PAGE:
# Homework Help: Problem with integral

1. Oct 8, 2005

### sony

Ok, so I have the integral of (x^2 + 1) / (x^3 + 8) dx

I use partial fractions and end up with two integrals, the one I cannot solve is:

1/12 * "integral of" (7x-4) / [(x-1)^2 +3 ] dx
With u=x-1 I get
(7u-3) / (u^2+3) du

But I have no Idea of how to solve it, the answer in the books shows the step up to this, but jumps over what to do with the last part and writes the answer (something involving tan^-1 and ln)

Thanks

2. Oct 8, 2005

### amcavoy

Factor out the 3 in the denominator:

$$\int\frac{7u-3}{u^2+3}\,du=\frac{1}{3}\int\frac{7u-3}{\left(\frac{u}{\sqrt{3}}\right)^2+1}\,du$$

Then make the subsititution $u=\sqrt{3}\tan{\theta}$.

Alex

3. Oct 9, 2005

Oh, thanks!

4. Oct 9, 2005

### sony

Ok I'm very confused about the doing substitution _two_ times, can someone please go threw every step of this?

5. Oct 9, 2005

### arildno

Fra børjan av???

6. Oct 9, 2005

### sony

Sorry, nevermind! I think I can figure this out, can someone please just tell me what the integral of Tan[x] equals?

7. Oct 9, 2005

### arildno

It is C-ln(|cos(x)|), where C is an integration constant.

8. Oct 9, 2005

### sony

Ok, I see it now. Took some time :P

Thanks!

9. Oct 9, 2005

### sony

Ok, bah. I don't get it. Can someone please take it from what apmcavoy wrote (start with subsitution of u)

10. Oct 9, 2005

### arildno

You have then:
$$du=\frac{\sqrt{3}d\theta}{\cos^{2}\theta}$$
Since $$tan^{2}\theta+1=\frac{1}{\cos^{2}\theta}$$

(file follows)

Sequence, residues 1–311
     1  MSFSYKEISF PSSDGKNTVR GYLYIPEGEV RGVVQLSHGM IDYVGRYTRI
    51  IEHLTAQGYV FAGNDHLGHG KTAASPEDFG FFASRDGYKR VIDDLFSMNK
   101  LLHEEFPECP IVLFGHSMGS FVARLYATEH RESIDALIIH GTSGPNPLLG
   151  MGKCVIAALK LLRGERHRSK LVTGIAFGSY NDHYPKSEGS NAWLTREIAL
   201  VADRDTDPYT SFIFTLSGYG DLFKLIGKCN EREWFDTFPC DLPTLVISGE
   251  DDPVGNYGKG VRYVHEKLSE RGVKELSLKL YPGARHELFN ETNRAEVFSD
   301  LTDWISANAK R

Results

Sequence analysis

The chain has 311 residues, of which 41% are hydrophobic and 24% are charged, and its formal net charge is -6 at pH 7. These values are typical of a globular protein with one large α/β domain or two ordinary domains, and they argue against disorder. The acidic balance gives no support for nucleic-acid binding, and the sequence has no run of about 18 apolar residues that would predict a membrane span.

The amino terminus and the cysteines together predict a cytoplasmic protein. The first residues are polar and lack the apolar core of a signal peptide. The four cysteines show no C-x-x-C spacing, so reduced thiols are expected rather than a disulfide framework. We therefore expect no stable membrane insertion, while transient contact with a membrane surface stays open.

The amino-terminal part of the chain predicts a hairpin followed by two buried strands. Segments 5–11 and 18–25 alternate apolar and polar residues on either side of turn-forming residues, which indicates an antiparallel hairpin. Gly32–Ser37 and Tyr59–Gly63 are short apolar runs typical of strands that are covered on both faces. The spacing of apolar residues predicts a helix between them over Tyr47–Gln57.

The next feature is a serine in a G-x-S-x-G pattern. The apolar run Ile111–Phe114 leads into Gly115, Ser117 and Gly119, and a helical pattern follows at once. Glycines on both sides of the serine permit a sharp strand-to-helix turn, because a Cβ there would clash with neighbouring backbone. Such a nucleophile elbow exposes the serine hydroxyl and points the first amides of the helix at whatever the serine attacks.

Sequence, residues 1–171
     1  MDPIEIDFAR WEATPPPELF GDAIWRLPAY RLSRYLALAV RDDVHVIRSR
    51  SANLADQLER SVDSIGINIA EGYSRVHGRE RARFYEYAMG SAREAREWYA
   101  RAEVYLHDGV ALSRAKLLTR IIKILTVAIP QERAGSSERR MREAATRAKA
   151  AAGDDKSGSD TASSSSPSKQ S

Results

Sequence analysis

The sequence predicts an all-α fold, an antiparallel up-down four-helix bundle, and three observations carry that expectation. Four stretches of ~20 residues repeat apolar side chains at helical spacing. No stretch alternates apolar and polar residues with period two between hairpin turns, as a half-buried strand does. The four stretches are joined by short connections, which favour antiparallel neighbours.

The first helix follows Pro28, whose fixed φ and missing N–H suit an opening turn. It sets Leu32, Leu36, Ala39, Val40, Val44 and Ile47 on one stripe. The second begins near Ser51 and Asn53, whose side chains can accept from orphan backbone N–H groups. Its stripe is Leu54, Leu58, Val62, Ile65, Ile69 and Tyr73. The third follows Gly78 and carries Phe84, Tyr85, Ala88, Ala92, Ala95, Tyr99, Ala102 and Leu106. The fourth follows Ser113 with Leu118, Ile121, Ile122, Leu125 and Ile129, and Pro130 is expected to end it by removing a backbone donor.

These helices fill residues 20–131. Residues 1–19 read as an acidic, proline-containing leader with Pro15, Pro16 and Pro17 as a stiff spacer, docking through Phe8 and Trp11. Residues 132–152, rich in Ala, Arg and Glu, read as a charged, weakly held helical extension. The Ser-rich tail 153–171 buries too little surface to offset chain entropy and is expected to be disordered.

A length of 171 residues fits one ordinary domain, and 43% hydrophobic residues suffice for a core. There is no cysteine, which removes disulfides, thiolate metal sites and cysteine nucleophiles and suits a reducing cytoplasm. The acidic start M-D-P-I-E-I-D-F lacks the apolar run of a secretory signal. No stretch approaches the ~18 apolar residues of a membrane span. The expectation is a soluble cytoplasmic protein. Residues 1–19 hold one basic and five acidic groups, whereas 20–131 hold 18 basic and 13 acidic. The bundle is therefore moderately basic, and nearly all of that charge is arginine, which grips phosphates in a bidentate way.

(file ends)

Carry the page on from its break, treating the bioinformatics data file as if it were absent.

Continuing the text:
we get:
$$\frac{1}{3}\int\frac{7u-3}{(\frac{u}{\sqrt{3}})^{2}+1}du=\frac{1}{3}\int\sqrt{3}(7tan\theta-3)d\theta$$
All right?

11. Oct 9, 2005

### sony

Yeah, thanks. I made it to the last step, but I dont see what happens with the Cos bit... :P

(EDIT: The cos bit in the solution of the integral of Tan phi)

12. Oct 9, 2005

### arildno

Okay, you'll basically need to rearrange an expression like cos(Atan(y)), which will appear within the logarithm.

In order to do this, not that by definition of the Atan and tan functions, we have:
$$y=\tan{Atan(y)}=\frac{\sin(Atan(y))}{\cos(Atan(y))}=\frac{\sqrt{1-\cos^{2}(Atan(y))}}{\cos(Atan(y))}(1)$$
where I've used the identity $\sin^{2}x=1-\cos^{2}x$ for all x.

Thus, from (1), we get $$y^{2}\cos^{2}(Atan(y))=1-\cos^{2}(Atan(y))$$
by which we have:
$$|\cos(Atan(y))|=\frac{1}{\sqrt{1+y^{2}}}$$

Thus, we have rewritten the troublesome expression, in that we now have:
$$ln|\cos(Atan(y))|=-\frac{1}{2}ln(y^{2}+1)$$

13. Oct 9, 2005

### sony

Ok, this made it clear. Thank you!

14. Oct 9, 2005

### arildno

You're welcome.